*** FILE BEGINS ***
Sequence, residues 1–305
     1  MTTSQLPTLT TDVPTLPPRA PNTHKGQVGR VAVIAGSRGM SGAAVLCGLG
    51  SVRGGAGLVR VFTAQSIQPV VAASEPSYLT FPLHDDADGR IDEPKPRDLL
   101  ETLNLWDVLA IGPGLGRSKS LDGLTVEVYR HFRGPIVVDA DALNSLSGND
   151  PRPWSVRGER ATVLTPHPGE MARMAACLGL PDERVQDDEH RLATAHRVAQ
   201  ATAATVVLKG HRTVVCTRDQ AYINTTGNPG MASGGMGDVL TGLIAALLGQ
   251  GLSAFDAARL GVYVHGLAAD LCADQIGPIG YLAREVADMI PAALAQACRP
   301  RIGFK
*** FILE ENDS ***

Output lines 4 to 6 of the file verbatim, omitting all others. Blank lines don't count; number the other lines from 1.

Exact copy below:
   101  ETLNLWDVLA IGPGLGRSKS LDGLTVEVYR HFRGPIVVDA DALNSLSGND
   151  PRPWSVRGER ATVLTPHPGE MARMAACLGL PDERVQDDEH RLATAHRVAQ
   201  ATAATVVLKG HRTVVCTRDQ AYINTTGNPG MASGGMGDVL TGLIAALLGQ